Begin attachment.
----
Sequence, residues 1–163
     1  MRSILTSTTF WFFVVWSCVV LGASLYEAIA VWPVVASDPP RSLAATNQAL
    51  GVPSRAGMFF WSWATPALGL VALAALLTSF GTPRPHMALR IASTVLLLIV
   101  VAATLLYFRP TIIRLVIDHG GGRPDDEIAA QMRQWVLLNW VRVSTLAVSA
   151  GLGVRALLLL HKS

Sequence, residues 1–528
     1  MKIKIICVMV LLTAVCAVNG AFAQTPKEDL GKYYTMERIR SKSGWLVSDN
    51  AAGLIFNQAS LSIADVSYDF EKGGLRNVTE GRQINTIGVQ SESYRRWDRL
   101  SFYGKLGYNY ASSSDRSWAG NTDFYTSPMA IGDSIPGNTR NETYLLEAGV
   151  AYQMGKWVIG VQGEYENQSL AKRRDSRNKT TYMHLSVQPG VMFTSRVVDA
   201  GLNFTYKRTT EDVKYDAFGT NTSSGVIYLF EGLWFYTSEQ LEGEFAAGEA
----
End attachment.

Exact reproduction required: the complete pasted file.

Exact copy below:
Sequence, residues 1–163
     1  MRSILTSTTF WFFVVWSCVV LGASLYEAIA VWPVVASDPP RSLAATNQAL
    51  GVPSRAGMFF WSWATPALGL VALAALLTSF GTPRPHMALR IASTVLLLIV
   101  VAATLLYFRP TIIRLVIDHG GGRPDDEIAA QMRQWVLLNW VRVSTLAVSA
   151  GLGVRALLLL HKS

Sequence, residues 1–528
     1  MKIKIICVMV LLTAVCAVNG AFAQTPKEDL GKYYTMERIR SKSGWLVSDN
    51  AAGLIFNQAS LSIADVSYDF EKGGLRNVTE GRQINTIGVQ SESYRRWDRL
   101  SFYGKLGYNY ASSSDRSWAG NTDFYTSPMA IGDSIPGNTR NETYLLEAGV
   151  AYQMGKWVIG VQGEYENQSL AKRRDSRNKT TYMHLSVQPG VMFTSRVVDA
   201  GLNFTYKRTT EDVKYDAFGT NTSSGVIYLF EGLWFYTSEQ LEGEFAAGEA